Lower back pain is a concern that plagues many people. Some blame core instability and weakness others put it down to degeneration but what does the academic literature say and what does it say about the effects of remedial massage on treating the problem?
The International Journal of Neuroscience evaluated the effects of massage therapy versus relaxation for chronic low back pain. They wanted to find out if remedial massage was effective in reducing pain, depression, anxiety and stress hormones, as well as sleeplessness and for improving trunk range of motion associated with chronic low back pain.
The trial took twenty-four adults (12 women) with lower back pain. They were randomly assigned to a massage therapy or a progressive muscle relaxation group. The Sessions were 30 minutes long twice a week for five weeks, then on the first and last day of the 5-week study participants completed questionnaires, provided a urine sample and were assessed for range of motion.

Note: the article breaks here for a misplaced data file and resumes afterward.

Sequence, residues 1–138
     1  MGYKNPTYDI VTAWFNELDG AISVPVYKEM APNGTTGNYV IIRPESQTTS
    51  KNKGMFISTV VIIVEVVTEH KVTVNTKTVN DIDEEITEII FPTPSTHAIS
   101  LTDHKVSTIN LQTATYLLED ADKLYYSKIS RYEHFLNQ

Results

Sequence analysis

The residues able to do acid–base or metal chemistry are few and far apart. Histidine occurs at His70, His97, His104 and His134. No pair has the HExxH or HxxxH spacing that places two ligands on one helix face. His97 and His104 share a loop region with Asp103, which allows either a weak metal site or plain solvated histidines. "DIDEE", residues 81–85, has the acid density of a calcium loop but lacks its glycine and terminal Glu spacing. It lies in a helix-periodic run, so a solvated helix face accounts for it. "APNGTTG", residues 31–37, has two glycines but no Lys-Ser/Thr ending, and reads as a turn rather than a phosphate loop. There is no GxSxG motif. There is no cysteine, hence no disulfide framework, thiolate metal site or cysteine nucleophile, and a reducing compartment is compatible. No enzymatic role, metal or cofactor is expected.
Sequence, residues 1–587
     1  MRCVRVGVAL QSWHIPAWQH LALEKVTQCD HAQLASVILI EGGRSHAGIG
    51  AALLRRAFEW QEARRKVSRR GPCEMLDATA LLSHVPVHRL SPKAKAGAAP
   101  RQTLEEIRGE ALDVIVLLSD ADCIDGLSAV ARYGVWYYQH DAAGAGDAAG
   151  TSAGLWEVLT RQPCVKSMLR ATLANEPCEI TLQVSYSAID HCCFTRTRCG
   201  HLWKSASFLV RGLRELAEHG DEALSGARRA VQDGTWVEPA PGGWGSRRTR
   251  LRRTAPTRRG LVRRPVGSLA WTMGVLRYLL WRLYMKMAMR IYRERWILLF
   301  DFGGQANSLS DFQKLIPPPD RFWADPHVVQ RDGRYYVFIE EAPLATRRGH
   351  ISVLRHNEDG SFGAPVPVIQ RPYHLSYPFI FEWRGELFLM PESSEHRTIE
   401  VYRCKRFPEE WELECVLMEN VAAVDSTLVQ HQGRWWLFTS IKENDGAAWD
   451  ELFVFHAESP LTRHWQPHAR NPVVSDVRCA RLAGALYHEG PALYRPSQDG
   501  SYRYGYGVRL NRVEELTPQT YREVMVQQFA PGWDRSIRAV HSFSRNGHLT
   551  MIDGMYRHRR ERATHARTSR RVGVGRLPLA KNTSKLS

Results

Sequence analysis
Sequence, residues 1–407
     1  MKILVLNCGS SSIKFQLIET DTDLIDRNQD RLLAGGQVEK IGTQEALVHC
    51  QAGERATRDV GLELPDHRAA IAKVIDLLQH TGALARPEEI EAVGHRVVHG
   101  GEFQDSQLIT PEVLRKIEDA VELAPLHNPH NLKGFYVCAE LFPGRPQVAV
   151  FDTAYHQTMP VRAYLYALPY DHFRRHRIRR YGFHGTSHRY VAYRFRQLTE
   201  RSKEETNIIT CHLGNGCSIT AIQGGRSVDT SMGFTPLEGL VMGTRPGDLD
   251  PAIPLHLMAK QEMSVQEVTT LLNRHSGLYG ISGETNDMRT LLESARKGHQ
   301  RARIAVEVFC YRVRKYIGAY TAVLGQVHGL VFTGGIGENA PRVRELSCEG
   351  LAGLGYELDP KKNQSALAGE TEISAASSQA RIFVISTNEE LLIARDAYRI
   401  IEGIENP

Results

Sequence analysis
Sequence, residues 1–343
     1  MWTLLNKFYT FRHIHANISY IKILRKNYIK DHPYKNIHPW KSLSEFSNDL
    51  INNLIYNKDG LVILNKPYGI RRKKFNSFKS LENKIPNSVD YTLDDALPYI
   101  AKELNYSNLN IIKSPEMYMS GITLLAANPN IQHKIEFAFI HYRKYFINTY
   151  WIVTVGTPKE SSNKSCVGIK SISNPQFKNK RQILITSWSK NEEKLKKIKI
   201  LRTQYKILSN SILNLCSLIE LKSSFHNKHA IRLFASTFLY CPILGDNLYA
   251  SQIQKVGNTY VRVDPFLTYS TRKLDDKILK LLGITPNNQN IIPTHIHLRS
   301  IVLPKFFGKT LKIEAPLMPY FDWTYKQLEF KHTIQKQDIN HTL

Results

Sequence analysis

By the end of the study, the massage therapy group, as compared to the relaxation group, reported experiencing less pain, depression, anxiety and improved sleep. They also showed improved trunk and pain flexion performance, and their serotonin and dopamine levels were higher, thus highlighting the positive effects of massage therapy in reducing pain, stress hormones and symptoms associated with chronic low back pain.
Preyde (2001), performed a similar trial on 107 subjects. He concluded that the massage therapy group had improved function, less intense pain and a decrease in the quality of pain. Additionally, he found that at 1-month follow-up 63% of subjects in the comprehensive massage therapy group reported no pain as compared with 27% of the soft-tissue manipulation group, 14% of the remedial exercise group and 0% of the sham laser therapy group.
It’s obvious that patients with subacute low-back pain are shown to benefit from massage therapy, so why put up with it any longer? See your remedial massage therapist today at one of our No More Knots clinics!
1. Maria Hernandez-reif, Tiffany Field, Josh Krasnegor, and Hillary Theakston International Journal of Neuroscience. Vol. 106 , Iss. 3-4, 2001
2. Michele Preyde, CMAJ. Vol. 162 no. 13 1815-1820, 2001